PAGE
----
Basically, it's a recipe (the guide itself) and ingredients (branded assets that go with it) to establish a consistent and memorable brand experience regardless of the platform or means of presentation.

Before we move on to see what the main corporate identity elements are, we'd like to point out some important aspects of building a strong brand impression.

Namely, there are 3 main rules for creating a corporate identity:

  • Keep it consistent across all channels.

Be it an email you send to your customer or your physical business location, it should be easily associated with your brand.

  • Make sure to stand out from the competition.

Your startup brand identity should be one of the differentiating factors that clearly and precisely communicate your unique value as a business.

  • Be relevant to your market and audience.

Large B2B companies rarely have witty slogans or playful logos. Similarly, if you are targeting millennials, projecting an overly serious image in your marketing efforts is not the best strategy.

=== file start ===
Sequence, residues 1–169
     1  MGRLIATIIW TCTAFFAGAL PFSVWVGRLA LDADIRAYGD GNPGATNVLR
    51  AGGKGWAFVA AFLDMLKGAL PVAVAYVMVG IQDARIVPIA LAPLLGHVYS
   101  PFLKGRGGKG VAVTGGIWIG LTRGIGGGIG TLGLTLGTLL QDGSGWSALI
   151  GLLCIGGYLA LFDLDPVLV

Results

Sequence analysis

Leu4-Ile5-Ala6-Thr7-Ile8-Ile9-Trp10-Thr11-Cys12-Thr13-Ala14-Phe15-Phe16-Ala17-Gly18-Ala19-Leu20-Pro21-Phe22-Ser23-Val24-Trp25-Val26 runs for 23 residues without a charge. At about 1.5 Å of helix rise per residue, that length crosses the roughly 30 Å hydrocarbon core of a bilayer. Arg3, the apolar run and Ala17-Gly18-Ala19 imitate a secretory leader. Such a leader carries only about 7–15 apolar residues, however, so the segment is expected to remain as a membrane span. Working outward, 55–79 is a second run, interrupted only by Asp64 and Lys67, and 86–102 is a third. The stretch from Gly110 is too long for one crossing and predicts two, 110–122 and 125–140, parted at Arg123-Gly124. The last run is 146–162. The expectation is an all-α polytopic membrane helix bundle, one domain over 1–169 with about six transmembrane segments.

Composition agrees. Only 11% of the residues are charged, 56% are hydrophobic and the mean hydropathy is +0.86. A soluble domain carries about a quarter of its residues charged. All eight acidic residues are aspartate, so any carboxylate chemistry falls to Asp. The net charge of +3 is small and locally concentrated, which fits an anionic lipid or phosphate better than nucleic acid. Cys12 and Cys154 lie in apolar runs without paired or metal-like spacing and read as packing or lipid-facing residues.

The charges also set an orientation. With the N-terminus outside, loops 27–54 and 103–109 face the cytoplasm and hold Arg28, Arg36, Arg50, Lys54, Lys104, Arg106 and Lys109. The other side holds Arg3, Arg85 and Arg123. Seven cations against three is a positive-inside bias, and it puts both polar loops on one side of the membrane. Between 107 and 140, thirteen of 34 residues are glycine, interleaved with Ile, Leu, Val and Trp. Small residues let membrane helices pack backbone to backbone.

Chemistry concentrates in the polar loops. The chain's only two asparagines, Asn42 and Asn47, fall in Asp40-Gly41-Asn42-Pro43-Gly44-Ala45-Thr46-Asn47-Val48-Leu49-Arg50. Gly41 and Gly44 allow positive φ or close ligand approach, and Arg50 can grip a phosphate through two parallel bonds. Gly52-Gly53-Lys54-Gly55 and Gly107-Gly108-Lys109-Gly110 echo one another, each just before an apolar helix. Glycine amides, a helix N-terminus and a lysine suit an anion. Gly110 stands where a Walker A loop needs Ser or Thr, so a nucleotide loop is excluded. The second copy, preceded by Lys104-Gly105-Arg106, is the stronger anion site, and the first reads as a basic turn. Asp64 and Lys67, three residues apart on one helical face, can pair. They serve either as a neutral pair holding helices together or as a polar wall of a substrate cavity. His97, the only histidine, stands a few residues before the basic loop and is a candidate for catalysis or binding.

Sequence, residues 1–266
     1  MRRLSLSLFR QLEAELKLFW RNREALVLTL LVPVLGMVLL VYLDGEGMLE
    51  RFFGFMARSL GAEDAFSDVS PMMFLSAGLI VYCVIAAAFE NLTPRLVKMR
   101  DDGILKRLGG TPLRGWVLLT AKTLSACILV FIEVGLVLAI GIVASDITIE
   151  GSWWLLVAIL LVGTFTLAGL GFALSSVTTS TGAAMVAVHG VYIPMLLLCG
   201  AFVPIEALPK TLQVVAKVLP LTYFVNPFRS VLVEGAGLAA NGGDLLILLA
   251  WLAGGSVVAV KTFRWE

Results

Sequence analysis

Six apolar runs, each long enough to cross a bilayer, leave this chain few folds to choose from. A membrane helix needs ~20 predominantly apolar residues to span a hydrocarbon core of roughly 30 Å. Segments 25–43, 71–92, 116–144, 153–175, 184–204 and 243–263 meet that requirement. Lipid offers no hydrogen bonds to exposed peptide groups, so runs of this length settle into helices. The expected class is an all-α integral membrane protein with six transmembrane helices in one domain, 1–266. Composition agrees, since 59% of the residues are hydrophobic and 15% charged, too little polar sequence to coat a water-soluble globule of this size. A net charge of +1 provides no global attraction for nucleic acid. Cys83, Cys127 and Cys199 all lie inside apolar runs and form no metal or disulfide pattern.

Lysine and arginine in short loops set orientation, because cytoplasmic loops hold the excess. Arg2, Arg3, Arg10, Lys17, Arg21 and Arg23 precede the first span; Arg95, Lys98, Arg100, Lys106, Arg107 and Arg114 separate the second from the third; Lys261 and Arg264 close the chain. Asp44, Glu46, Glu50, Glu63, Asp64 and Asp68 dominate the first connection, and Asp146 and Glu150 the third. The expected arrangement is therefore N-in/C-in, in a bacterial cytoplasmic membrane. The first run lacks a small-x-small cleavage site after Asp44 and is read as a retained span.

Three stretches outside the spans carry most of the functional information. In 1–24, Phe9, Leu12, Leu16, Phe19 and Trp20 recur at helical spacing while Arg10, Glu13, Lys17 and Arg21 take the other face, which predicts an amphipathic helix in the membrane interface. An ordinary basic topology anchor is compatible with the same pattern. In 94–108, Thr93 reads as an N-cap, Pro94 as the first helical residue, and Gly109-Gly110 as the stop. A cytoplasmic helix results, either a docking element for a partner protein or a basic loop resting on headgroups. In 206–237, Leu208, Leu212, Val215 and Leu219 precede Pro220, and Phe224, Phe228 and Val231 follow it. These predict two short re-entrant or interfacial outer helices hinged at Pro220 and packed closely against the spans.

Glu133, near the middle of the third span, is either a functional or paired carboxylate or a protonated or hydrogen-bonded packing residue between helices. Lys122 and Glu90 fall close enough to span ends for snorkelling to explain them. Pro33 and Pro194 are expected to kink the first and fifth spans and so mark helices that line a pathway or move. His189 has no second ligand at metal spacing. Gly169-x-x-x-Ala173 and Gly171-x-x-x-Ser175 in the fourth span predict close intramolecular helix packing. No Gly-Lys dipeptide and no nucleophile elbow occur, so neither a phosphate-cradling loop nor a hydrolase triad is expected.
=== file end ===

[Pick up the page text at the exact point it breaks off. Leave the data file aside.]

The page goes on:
Now, let's see how these rules apply to the main components of a corporate identity kit.

What Are the Elements of Corporate Identity?

Company logo

Your logo is the cornerstone of the corporate visual identity. It is a visual representation of your business purpose, so every other basic element of corporate identity will follow its style and message.

A good logo should be memorable yet simple, unique and yet self-explanatory. Most logos are centered around the company name, refer to the type of service/product offered by the company, or combine both approaches.

As for the corporate identity kit, it has to define the following details about your logo: